TFS 2010 version control upgrade bug in handling labels, merges

UPDATE [6/12/2010]  The patch is now available on MSDN Code Gallery here.  You must install it after you complete the MSI setup portion (the files need to be on the machine and registered in Windows first) and before the upgrade wizard (it’s the upgrade process, not setup that needs to be patched).

  1. Run the TFS 2010 installation and quit/cancel once you get to the upgrade wizard (do not upgrade).
  2. Install the patch.
  3. Go to Start –> All Programs –> Microsoft Team Foundation Server 2010 –> Team Foundation Administration Console and then launch the upgrade wizard again.
  4. Go through the upgrade process as usual.


We discovered a couple of bugs in version control when upgrading to TFS 2010.  They affect labels and future merges, and whether or not you are affected depends on what renames you have done on files in labels and branches.  We are currently testing a fix that we expect to release shortly.  The fix, when released, must be installed before upgrading to TFS 2010.

The issues are described in a KB article, which Matt published today.  Here are the symptoms that manifest after an upgrade without the fix.

  • Labels that were created before the upgrade are entirely empty.  Labels could be also have incorrect contents.
  • The merge wizard in Visual Studio does not display all valid merge targets for a given source path/branch.
  • During merging, merge candidates are shown for changes that were already merged prior to the upgrade.

If you’ve already upgraded to 2010 from a previous release, you’ll need to decide whether there are labels that are critical for you.  If there are, fixing the label problem after an upgrade without the fix will likely require access to the original version control database prior to the upgrade.  You’ll need to contact customer support to get help with fixing the affected labels (customer support will not charge for incidents related to this upgrade bug).

The merge issue is simpler to recover from, and it’s largely an annoyance.  You can read the KB article to understand what must happen.  The fix for the issue of merge targets not showing up in the merge wizard is to do a non-recursive baseless merge of the source to the target via the command line (e.g., tf merge /baseless dirA dirB).  Then the target will show.  The children will end up being baselessly merged, which will be annoying and tedious, but you will be able to recover and move forward.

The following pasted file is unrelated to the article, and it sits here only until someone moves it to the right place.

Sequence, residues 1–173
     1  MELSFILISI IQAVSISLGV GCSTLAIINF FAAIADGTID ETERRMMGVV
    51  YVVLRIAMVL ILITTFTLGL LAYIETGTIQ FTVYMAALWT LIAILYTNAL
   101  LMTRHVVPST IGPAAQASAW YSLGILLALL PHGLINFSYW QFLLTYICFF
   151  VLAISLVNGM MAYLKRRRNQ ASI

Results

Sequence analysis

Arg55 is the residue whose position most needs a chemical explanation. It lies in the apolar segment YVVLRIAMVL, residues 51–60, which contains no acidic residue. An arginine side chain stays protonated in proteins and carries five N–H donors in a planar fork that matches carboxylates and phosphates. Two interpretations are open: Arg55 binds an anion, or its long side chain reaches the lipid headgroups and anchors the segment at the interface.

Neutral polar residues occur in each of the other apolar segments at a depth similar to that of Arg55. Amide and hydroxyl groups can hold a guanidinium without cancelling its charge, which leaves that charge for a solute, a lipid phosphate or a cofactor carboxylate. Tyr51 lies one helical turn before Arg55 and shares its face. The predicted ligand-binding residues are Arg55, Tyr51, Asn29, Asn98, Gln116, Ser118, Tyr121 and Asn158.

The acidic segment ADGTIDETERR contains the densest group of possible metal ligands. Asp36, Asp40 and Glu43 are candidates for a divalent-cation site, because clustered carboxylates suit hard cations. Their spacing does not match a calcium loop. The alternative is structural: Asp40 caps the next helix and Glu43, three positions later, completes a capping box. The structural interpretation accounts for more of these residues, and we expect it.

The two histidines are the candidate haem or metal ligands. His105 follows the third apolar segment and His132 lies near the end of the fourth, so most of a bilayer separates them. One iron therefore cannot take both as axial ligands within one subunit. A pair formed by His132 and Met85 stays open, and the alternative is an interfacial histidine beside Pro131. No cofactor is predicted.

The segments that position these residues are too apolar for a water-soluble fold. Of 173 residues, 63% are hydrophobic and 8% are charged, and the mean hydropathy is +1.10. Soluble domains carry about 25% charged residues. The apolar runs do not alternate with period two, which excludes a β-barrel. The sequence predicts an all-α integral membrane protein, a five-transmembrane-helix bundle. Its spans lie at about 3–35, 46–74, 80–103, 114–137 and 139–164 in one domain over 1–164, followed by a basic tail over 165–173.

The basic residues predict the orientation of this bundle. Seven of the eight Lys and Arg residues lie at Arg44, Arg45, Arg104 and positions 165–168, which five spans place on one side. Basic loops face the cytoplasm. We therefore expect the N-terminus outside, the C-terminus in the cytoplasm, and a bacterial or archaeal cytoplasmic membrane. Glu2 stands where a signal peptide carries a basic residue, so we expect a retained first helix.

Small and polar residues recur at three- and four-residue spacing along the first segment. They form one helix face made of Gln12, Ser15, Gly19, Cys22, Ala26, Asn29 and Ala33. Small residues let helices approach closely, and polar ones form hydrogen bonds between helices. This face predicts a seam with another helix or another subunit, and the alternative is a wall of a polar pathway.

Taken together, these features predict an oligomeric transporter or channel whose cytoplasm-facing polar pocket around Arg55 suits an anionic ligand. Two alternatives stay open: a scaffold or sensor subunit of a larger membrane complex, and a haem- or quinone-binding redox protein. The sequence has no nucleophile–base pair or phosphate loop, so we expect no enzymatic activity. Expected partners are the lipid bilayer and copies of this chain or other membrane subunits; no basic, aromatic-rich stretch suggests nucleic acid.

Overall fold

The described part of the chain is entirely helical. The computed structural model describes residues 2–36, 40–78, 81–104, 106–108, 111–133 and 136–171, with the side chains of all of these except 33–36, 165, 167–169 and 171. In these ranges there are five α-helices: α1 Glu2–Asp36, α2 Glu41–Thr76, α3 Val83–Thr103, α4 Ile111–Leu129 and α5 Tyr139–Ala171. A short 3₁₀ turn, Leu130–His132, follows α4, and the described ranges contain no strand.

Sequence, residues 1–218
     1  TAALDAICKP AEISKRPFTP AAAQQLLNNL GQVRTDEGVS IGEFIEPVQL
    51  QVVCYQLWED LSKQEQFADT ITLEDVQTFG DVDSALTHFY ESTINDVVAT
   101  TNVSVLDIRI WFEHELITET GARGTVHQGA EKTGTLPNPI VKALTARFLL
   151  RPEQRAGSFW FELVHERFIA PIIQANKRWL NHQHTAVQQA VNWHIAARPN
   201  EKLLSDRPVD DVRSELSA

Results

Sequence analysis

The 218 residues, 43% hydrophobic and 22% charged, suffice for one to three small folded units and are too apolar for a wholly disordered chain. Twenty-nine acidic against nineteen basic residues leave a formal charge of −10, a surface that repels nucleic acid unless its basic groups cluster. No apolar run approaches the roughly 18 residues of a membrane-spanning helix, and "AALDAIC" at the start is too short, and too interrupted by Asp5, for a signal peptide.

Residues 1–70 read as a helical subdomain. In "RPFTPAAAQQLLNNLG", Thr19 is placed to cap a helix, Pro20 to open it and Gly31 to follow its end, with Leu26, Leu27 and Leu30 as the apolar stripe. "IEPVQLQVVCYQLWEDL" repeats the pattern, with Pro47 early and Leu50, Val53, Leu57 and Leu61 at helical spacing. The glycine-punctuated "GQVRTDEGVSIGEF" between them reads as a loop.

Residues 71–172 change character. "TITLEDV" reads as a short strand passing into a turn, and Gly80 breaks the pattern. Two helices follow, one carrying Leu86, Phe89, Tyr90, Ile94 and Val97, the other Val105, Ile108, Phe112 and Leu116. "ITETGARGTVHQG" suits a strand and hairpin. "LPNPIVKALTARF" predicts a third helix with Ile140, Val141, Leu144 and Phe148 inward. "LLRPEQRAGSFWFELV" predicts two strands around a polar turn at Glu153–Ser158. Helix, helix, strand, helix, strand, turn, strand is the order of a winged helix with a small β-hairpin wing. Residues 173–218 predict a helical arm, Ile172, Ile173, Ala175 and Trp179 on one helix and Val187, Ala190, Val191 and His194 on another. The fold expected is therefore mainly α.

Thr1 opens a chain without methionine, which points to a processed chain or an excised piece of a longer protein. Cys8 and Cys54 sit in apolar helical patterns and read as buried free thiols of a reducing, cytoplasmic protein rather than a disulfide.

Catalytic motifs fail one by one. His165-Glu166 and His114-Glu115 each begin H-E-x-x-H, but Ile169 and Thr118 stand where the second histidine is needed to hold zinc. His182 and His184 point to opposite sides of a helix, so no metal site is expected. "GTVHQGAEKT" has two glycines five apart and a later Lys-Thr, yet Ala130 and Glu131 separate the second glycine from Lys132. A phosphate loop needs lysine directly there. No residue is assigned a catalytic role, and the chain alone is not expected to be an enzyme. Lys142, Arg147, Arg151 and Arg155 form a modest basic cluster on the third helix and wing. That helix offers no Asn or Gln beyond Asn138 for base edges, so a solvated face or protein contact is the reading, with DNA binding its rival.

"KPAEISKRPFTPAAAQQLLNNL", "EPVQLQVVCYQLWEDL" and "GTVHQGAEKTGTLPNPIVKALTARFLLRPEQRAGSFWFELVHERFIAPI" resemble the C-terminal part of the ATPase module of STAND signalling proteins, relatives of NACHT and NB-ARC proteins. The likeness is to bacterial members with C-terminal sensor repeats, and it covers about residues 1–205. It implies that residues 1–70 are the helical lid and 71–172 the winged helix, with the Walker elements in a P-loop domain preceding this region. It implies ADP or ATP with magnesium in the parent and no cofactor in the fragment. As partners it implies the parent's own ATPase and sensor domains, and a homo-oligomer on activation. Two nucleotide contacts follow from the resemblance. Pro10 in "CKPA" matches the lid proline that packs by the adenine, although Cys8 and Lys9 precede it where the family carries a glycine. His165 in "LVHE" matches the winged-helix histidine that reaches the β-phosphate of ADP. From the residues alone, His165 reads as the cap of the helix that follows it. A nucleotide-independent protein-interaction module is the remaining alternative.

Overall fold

The underlying cause of both problems is the handling of renames during the upgrade, as described by the KB article.  In TFS 2010, we changed the schema of version control to change something called an item ID to effectively become a path ID. In both 2005 and 2008, every item added or branched in version control got a unique item ID forever.  So no matter what name or path changed to, the item ID never changed.  This allowed for completely tracking renames forever, no matter how complex.  However, it came at the price of introducing the confusing concept of a deletion ID, since a path could have more than one item at a time if there were at least one deleted item, and the concept of a namespace conflict, which occurs when two different non-deleted items (each has a different item ID in 2005/2008) tried to occupy the same path at the same time.  If you’ve ever had to resolve namespace conflicts in 2005 or 2008, particularly as a result of a merge, you know the pain I’m talking about. It also resulted in significant complication of the SQL, resulting in lower performance and scalability than otherwise would have been possible.

So, we changed the schema such that a path uniquely identifies an item, turning the item ID into a path ID.  Matt talks about some of the implications of that in his post, Changing to Slot Mode in TFS 2010 Version Control.  Having used the server with the schema change for more than a year now internally, the change produced a faster, more scalable version control server, and the elimination of things like namespace conflicts has made merging less painful.

Comments (8)

  1. buckh says:

    Stefan, thanks for pointing that out.  We'll get that corrected.


  2. Keith Hill says: